The Unresolved Crisis of Catholic Modernisms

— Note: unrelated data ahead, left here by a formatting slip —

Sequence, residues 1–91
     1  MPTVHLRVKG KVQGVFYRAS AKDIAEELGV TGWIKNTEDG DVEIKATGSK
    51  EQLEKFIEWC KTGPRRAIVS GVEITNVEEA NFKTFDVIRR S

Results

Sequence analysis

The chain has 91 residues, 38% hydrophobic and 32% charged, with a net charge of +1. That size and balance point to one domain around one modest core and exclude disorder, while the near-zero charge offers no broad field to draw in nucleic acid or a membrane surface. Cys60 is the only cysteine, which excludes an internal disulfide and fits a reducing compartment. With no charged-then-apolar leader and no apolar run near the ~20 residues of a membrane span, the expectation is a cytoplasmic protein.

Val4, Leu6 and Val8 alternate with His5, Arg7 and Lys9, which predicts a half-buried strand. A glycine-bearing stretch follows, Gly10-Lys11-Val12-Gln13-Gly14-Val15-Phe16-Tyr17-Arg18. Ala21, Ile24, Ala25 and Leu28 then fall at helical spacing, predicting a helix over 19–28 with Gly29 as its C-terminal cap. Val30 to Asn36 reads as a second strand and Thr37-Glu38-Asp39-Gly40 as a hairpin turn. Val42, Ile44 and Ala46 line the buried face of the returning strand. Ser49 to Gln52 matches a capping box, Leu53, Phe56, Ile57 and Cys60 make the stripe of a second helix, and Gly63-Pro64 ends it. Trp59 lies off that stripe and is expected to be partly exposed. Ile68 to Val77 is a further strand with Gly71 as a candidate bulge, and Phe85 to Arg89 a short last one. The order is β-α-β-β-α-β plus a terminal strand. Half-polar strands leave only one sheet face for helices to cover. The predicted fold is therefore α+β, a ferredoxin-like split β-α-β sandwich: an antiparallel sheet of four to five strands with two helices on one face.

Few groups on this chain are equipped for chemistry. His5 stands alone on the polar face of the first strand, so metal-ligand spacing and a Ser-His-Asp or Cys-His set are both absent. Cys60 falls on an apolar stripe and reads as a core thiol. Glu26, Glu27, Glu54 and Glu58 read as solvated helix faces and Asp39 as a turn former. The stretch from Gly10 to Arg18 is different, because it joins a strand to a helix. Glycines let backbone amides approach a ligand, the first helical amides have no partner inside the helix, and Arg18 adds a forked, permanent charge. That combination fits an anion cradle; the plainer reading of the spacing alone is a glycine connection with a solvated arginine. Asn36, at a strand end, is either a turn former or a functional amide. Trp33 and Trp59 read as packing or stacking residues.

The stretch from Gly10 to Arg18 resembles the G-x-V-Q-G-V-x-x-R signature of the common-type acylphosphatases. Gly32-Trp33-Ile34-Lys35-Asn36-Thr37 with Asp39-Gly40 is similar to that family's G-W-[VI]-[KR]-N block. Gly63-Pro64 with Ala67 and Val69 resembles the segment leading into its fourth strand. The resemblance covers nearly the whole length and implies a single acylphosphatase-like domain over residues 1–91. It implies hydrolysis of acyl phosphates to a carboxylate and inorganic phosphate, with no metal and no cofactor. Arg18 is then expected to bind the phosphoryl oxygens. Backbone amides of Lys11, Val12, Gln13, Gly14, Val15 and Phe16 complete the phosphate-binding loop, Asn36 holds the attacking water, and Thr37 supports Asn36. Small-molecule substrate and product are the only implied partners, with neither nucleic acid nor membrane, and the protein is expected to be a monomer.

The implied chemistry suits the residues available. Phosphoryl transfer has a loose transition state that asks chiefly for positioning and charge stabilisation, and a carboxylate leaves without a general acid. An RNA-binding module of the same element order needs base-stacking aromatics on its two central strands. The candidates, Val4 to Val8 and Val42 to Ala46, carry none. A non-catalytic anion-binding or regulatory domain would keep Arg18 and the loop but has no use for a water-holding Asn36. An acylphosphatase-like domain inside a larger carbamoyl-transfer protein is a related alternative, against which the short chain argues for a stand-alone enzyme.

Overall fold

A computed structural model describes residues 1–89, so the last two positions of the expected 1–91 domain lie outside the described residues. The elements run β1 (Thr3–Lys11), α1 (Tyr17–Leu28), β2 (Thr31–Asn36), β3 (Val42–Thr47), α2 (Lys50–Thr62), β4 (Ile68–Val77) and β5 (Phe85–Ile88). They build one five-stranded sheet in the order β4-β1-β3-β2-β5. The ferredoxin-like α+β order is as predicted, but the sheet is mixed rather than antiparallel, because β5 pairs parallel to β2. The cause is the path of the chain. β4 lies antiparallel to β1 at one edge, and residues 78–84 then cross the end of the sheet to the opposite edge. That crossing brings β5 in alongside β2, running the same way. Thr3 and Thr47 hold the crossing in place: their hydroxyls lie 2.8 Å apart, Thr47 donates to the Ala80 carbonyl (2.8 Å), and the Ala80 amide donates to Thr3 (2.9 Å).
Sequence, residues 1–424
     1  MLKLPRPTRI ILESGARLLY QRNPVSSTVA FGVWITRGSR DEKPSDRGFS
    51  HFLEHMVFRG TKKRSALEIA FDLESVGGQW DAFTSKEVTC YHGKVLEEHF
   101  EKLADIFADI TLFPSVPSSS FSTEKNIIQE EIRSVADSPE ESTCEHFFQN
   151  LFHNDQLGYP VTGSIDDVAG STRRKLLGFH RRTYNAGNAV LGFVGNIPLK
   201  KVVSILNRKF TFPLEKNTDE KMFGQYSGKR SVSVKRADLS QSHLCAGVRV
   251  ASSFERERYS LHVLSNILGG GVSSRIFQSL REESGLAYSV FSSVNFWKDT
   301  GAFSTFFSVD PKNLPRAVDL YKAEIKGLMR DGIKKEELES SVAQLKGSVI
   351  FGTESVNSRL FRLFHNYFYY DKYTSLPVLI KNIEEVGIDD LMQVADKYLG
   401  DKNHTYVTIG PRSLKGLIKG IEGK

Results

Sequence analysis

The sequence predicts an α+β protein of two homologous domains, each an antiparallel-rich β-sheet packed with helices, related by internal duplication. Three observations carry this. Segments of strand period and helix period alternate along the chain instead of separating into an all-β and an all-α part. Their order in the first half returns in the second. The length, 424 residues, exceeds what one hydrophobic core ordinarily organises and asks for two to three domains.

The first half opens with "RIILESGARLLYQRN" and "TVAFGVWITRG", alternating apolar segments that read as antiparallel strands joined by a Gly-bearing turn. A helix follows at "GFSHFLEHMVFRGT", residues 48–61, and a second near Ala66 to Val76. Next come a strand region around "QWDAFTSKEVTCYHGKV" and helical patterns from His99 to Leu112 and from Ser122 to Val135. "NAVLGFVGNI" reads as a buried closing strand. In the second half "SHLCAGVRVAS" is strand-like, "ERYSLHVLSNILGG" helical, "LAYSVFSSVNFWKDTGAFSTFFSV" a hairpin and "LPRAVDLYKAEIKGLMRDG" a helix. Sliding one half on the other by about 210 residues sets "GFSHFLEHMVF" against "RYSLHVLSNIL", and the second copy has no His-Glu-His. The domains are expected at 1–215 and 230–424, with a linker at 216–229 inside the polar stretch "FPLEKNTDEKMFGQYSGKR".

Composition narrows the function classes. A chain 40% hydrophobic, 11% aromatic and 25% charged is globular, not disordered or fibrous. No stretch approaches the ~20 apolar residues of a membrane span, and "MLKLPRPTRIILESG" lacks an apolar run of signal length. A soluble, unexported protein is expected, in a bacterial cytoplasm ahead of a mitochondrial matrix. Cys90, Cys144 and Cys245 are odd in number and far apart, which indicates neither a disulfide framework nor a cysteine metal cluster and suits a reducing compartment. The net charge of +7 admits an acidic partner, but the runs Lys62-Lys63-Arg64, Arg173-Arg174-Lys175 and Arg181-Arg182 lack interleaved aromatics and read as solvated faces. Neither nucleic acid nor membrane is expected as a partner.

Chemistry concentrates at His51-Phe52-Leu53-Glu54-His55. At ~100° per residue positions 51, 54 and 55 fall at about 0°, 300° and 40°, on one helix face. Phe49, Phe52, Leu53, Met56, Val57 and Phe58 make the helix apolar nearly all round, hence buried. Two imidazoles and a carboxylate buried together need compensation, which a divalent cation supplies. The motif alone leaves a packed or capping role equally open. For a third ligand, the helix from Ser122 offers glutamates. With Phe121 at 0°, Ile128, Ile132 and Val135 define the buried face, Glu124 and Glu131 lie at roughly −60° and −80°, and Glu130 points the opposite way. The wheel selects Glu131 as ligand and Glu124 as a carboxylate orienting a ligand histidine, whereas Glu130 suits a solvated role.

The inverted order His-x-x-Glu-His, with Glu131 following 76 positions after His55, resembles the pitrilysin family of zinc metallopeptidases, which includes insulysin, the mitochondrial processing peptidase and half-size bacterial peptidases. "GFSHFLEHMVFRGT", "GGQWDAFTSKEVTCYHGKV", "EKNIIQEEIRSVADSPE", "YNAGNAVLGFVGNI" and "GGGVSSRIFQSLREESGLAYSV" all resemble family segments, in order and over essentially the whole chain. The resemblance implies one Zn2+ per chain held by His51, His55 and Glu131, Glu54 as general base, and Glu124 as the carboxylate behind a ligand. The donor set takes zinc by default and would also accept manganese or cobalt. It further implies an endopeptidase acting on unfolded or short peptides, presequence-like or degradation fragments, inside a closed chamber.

It is almost universally agreed, even among those who agree upon virtually nothing else, that the Catholic Church is in great crisis.1 Our failure to apprehend and agree upon the nature of this crisis is one of its most telling symptoms. For it reveals that beneath all the myriad descriptions that might be offered—a crisis of clerical abuse, of authority, and so on—there is a crisis of interpretation, and therefore of metaphysics and theology if not indeed their basic anthropological and ontological preconditions as forms of thought. Many now speak openly and even eagerly of schism, citing opposition to Pope Francis, rejection of the Second Vatican Council or the Mass of Paul VI as the point of rupture. Whatever one thinks of these external signs, there is an internal schism in the Catholic perception of God and the world and indeed over whether there can really be a Catholic perception of God and the world, though it is safe to say that few of the protagonists on either side are aware that this is what is really at stake.
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